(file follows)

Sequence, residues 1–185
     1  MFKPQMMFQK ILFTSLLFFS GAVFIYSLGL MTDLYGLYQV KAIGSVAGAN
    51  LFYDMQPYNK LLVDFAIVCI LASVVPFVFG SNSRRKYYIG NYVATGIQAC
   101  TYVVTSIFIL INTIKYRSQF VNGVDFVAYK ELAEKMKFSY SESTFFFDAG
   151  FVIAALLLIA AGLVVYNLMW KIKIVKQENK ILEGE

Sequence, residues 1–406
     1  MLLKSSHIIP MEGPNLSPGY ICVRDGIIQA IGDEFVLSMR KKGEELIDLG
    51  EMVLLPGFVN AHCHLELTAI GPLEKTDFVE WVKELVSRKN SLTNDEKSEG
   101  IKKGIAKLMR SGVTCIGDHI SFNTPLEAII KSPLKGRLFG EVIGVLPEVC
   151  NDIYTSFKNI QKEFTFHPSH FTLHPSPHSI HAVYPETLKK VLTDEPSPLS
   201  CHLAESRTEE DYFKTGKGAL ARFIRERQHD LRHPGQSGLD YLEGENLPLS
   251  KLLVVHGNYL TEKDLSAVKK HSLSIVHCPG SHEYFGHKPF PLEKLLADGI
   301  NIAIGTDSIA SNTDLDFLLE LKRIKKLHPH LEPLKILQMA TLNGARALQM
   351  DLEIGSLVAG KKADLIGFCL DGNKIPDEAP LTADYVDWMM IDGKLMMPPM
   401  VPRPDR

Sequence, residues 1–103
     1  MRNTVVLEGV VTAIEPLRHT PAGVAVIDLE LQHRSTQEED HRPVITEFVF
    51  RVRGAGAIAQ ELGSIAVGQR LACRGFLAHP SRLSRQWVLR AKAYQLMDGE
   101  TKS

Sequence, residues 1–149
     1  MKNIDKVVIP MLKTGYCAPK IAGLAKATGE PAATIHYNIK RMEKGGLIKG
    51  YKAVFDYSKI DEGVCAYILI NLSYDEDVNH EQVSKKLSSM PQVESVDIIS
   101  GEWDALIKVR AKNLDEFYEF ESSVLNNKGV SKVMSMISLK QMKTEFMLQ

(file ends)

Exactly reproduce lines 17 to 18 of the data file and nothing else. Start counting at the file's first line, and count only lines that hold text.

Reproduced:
     1  MRNTVVLEGV VTAIEPLRHT PAGVAVIDLE LQHRSTQEED HRPVITEFVF
    51  RVRGAGAIAQ ELGSIAVGQR LACRGFLAHP SRLSRQWVLR AKAYQLMDGE